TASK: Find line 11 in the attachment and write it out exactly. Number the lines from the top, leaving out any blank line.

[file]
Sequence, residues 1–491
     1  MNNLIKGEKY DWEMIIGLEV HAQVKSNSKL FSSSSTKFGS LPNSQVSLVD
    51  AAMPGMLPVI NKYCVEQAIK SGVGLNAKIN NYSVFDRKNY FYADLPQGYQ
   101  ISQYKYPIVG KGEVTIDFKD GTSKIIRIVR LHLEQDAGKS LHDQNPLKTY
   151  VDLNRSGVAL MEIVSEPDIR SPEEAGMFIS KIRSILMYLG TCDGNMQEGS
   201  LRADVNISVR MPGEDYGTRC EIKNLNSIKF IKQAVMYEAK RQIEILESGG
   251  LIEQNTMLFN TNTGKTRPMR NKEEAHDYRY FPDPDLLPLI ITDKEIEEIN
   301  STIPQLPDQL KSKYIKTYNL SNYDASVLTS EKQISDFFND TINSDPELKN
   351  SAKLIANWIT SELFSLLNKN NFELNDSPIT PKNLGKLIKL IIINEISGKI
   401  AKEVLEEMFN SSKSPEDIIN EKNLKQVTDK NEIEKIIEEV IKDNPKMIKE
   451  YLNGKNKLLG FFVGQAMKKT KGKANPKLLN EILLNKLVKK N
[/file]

   451  YLNGKNKLLG FFVGQAMKKT KGKANPKLLN EILLNKLVKK N